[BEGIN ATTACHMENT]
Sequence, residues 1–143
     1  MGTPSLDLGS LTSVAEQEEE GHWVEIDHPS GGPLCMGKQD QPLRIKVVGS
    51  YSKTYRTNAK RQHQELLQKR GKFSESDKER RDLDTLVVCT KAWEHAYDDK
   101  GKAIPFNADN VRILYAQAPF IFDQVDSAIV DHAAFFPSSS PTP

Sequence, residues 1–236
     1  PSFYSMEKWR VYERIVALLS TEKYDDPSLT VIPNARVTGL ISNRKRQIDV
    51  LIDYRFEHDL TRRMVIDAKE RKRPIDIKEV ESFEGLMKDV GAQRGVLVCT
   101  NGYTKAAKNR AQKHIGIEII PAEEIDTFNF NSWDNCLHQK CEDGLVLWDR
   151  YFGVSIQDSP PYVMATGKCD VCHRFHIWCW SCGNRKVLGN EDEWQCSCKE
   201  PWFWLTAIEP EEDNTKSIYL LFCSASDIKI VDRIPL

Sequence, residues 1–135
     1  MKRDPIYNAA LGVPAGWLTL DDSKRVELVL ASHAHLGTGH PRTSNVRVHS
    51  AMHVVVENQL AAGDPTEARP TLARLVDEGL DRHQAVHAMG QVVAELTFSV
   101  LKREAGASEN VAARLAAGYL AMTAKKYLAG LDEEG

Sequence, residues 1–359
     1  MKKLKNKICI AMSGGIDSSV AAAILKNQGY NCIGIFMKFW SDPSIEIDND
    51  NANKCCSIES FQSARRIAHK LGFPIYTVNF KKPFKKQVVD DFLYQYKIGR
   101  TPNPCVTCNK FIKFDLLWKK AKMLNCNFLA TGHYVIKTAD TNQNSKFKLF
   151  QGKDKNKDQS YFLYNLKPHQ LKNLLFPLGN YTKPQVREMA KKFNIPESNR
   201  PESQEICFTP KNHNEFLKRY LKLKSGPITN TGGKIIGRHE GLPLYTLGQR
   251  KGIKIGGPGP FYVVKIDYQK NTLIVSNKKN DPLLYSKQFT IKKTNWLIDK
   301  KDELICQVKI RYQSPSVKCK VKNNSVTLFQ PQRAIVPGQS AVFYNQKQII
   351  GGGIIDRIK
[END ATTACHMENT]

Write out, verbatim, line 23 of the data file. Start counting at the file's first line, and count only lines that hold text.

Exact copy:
   351  GGGIIDRIK